What a marvellously biblical statement by the senior Western Arnhemland artist, John Mawurndjul. He made it boldly in accepting this year’s prestigious male Red Ochre Award at the Sydney Opera House in May. And the once-shaggy bushman, who lives 50 km from the township of Maningrida on his own Milmilngkan outstation, hunting, caring for his Country and painting, had a new confidence in his hand-in-pocket stance, neatly trimmed hair and beard. Perhaps the changes were in response to this important recognition by his peers.

But the biblical quote is also the title of his second institutional solo show “ the first was at the Museum Tinguely in Basel in 2005 “ at the Museum of Contemporary Art in Sydney. This is co-curated with the Art Gallery of South Australia, and after Adelaide, a slightly reduced version of the 165-work show will tour Australia until the end of 2020.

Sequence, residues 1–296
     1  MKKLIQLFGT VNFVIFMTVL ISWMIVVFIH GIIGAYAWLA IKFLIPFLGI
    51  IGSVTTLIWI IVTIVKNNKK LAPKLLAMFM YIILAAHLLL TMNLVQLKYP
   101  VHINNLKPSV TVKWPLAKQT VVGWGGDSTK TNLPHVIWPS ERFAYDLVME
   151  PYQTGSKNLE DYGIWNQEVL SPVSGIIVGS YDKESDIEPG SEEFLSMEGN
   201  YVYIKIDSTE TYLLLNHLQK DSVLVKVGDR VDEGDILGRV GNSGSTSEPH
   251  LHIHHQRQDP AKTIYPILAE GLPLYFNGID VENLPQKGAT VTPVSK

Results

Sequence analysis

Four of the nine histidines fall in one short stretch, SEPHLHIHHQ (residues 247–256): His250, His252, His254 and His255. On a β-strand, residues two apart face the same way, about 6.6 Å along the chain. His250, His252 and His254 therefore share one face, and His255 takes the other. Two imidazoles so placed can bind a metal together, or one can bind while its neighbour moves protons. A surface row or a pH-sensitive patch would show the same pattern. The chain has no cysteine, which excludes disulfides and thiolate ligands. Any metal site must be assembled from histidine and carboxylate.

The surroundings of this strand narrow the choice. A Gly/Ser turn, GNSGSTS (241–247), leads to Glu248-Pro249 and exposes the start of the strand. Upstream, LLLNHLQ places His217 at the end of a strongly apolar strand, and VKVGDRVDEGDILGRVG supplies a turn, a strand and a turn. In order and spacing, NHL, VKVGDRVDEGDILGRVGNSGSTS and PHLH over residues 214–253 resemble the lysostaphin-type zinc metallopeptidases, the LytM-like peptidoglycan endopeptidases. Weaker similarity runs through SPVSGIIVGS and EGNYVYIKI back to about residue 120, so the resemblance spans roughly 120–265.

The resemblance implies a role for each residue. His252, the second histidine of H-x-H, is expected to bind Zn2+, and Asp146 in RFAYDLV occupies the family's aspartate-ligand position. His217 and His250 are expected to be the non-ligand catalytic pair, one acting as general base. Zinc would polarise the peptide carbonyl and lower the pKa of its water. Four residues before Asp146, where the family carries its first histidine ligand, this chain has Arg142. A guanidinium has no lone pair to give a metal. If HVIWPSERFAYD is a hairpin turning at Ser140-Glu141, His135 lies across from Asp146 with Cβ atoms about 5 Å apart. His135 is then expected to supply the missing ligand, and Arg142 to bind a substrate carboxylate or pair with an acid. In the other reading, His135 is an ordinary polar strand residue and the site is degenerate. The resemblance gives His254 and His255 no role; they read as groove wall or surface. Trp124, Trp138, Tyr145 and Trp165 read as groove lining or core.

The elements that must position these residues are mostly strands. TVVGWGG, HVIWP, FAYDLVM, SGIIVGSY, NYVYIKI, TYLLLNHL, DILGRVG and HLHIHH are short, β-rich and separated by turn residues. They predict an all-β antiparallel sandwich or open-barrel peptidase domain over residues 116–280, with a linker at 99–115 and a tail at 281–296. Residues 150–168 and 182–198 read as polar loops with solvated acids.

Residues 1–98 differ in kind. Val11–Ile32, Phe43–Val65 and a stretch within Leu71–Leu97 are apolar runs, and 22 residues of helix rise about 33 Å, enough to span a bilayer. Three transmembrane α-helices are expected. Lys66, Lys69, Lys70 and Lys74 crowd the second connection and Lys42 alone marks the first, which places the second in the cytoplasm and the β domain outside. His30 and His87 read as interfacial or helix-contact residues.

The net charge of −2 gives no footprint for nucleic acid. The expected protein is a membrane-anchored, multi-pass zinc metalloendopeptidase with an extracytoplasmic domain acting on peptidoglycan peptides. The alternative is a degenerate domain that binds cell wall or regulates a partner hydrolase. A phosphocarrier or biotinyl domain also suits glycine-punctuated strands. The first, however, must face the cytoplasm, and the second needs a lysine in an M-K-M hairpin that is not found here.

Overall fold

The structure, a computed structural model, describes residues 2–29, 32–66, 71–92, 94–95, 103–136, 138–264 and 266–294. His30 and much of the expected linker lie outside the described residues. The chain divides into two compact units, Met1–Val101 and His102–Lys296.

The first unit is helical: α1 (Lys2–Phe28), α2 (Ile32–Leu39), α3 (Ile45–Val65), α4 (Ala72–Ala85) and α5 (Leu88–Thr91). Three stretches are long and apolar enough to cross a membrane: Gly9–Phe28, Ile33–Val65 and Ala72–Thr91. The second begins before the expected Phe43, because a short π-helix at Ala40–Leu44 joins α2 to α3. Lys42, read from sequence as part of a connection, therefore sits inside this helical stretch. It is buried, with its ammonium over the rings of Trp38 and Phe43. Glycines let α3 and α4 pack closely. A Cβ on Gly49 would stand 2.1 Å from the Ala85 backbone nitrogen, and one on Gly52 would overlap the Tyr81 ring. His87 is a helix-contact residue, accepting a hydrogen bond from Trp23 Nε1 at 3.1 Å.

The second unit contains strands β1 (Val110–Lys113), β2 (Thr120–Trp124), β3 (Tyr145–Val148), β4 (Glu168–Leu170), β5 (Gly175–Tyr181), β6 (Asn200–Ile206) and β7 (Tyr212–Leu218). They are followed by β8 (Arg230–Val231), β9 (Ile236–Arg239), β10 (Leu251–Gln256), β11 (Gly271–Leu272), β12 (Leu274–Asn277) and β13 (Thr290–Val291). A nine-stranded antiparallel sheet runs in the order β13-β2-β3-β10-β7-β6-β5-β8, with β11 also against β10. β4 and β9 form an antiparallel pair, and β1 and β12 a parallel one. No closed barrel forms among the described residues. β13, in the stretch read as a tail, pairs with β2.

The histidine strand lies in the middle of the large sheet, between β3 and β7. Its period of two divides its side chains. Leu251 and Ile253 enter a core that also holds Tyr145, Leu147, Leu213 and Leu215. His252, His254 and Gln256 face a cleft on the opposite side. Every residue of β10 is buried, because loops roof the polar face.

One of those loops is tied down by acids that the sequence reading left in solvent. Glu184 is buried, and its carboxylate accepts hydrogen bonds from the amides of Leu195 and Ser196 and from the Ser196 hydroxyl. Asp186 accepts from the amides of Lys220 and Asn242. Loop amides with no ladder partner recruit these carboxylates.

It’s also co-curated with the artist himself. Having witnessed his magnificent 2005 speech “ entirely in his native Kunwinjku, though it seemed completely comprehensible “ when he was announced as one of the eight Aboriginal artists to decorate the new Musee du Quai Branly in Paris, I’d have no doubts about his capacity to do almost anything he set his mind to. But MCA curator, Clothilde Bullen confirmed his keenness in the curation process: He’s just so charismatic and knew precisely which of his babies were important and which less important. ‘This one such a good one’, he’d announce. And our exhibition will be fully bilingual, thanks to the heroic efforts of translator, Murray Garde.